BGP uses TCP as its transport protocol, which provides connection-oriented reliable delivery. BGP assumes that its communication is reliable; therefore, it does not have to implement retransmission or error recovery mechanisms. BGP uses TCP port 179. Two routers using BGP form a TCP connection with one another and exchange messages to open and confirm the connection parameters. These two BGP routers are called peer routers, or neighbors.
After the connection is made, BGP peers exchange full routing tables. However, because the connection is reliable, BGP peers subsequently send only changes (incremental, or triggered, updates) after that. Reliable links do not require periodic routing updates; therefore, routers use triggered updates instead. BGP sends keepalive messages, similar to the hello messages sent by OSPF, IS-IS, and EIGRP.
BGP is the only IP routing protocol to use TCP as its transport layer. OSPF, IGRP, and EIGRP reside directly above the IP layer, and RIP version 1 (RIPv1) and RIP version 2 (RIPv2) use User Datagram Protocol (UDP) for their transport layer.
OSPF and EIGRP have their own internal function to ensure that update packets are explicitly acknowledged. These protocols use a one-for-one window so that if either OSPF or EIGRP has multiple packets to send, the next packet cannot be sent until they receive an acknowledgment from the first update packet. This process can be very inefficient and cause latency issues if thousands of update packets must be exchanged over relatively slow serial links. OSPF and EIGRP rarely have thousands of update packets to send. EIGRP can hold more than 100 networks in one EIGRP update packet, so 100 EIGRP update packets can hold up to 10,000 networks, and most organizations do not have 10,000 subnets in the enterprise.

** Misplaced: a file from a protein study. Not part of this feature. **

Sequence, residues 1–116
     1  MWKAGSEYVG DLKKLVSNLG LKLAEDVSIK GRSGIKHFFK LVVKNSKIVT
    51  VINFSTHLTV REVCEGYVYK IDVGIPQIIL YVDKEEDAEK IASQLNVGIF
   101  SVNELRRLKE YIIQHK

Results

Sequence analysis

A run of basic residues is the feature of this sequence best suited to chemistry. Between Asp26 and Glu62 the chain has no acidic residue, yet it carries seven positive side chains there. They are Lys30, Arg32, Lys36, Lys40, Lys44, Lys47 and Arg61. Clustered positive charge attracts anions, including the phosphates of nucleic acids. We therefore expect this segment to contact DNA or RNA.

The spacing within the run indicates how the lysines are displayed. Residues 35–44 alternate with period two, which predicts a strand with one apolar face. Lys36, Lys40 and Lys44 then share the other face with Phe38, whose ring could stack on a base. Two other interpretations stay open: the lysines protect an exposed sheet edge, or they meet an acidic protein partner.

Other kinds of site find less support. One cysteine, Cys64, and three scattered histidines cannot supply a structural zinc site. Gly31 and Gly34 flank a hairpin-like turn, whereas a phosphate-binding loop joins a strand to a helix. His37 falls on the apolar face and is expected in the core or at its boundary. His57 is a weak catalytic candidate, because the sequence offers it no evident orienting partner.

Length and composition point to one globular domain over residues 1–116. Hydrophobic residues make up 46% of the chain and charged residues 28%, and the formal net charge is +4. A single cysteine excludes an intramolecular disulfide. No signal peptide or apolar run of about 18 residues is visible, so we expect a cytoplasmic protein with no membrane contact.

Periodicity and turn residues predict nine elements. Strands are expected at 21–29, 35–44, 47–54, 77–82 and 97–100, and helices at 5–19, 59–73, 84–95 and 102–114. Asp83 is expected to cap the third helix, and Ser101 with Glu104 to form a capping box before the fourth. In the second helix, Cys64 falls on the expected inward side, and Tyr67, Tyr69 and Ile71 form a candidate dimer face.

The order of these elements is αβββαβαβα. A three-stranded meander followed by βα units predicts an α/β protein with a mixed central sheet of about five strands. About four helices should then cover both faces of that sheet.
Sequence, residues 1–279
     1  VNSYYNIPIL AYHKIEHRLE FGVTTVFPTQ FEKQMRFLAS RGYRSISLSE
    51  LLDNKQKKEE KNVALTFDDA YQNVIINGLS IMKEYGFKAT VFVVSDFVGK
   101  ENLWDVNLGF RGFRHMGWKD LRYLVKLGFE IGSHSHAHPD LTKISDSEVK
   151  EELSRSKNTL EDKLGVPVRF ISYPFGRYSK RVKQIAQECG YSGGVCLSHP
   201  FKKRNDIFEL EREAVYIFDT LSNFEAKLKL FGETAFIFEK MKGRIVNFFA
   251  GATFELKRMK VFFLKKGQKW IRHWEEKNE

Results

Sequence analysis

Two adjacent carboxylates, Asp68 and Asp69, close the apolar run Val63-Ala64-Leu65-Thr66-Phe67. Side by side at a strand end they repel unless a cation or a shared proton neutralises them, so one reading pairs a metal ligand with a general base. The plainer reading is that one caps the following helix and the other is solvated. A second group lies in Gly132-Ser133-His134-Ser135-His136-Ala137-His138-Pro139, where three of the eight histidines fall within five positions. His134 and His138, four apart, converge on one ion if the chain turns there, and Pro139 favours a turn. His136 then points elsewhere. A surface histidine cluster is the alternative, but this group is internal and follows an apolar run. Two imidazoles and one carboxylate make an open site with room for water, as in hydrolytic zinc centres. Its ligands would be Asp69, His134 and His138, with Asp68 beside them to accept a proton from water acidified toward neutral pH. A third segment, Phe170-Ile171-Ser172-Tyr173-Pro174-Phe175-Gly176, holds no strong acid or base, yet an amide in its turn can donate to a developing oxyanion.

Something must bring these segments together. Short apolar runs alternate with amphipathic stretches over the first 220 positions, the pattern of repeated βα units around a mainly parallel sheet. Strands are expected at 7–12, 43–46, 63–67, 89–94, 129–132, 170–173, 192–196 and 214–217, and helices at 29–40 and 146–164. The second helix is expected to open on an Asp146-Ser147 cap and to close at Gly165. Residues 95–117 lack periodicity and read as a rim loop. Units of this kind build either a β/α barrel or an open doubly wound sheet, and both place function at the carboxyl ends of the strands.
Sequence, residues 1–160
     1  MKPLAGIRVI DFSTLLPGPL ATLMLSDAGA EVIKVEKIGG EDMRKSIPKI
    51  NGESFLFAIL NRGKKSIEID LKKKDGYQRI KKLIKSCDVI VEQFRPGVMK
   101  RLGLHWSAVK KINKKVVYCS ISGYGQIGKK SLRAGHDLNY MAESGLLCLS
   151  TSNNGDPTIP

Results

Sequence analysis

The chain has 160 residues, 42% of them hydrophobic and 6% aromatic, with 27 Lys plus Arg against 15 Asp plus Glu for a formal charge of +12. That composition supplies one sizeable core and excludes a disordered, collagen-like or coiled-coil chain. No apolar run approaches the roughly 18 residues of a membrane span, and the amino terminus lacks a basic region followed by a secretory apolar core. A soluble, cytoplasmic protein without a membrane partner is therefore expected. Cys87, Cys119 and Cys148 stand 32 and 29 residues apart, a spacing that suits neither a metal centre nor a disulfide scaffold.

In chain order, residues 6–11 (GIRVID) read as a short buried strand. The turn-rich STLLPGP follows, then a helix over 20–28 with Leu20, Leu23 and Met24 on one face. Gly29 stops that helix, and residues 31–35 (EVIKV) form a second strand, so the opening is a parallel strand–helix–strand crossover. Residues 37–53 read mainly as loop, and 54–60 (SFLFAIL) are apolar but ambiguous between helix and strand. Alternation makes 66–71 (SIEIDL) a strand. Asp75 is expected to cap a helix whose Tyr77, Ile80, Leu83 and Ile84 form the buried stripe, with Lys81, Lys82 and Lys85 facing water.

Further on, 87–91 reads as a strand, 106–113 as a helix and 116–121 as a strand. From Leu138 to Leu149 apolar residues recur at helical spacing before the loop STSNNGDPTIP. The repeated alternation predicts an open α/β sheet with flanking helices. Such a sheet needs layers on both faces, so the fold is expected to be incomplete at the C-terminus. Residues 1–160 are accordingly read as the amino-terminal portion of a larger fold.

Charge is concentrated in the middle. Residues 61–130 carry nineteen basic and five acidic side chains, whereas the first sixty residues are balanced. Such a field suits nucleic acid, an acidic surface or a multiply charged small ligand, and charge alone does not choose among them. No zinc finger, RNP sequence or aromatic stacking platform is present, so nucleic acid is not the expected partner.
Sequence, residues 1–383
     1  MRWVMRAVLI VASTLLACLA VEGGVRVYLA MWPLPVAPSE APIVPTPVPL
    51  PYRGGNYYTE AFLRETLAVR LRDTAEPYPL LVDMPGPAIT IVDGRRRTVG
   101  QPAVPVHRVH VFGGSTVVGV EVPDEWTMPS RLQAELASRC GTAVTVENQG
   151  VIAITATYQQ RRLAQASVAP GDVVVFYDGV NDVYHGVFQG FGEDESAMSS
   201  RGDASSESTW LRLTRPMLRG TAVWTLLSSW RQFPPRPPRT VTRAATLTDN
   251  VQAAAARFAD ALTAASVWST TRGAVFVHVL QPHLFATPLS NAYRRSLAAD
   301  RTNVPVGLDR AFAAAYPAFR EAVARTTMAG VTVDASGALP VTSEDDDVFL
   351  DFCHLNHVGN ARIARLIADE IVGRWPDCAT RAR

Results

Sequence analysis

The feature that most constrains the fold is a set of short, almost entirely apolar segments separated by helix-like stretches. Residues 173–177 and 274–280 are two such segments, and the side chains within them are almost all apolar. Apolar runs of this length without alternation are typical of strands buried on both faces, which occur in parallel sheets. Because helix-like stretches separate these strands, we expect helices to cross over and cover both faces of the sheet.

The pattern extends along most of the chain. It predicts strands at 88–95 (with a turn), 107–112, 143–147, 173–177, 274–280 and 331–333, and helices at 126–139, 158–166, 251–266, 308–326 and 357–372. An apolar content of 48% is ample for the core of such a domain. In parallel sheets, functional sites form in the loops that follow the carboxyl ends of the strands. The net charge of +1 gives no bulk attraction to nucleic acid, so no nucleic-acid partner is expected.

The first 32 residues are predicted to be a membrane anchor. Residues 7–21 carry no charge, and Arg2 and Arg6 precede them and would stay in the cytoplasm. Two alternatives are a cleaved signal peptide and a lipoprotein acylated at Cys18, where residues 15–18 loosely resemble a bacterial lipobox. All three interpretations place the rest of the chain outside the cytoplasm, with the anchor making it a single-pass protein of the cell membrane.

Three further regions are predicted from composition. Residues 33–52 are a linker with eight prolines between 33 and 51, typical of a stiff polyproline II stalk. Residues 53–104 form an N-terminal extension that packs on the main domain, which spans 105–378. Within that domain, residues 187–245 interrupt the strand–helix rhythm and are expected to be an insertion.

© 2006 Cisco Systems, Inc. Implementing BGP 6-19
BGP, on the other hand, has more than 170,000 networks (and growing) on the Internet to advertise and it uses TCP to handle the acknowledgment function. TCP uses a dynamic window, which allows 65,576 bytes to be outstanding before it stops and waits for an acknowledgment. For example, if 1000-byte packets are being sent, BGP would stop and wait for an acknowledgment only when 65 packets had not been acknowledged, when using the maximum window size.
TCP is designed to use a sliding window, where the receiver will acknowledge at the halfway point of the sending window. This method allows any TCP application, such as BGP, to continue to stream packets without having to stop and wait, as OSPF or EIGRP would require.
6-20 Building Scalable Cisco Internetworks (BSCI) v3.0 © 2006 Cisco Systems, Inc.
Was this article helpful?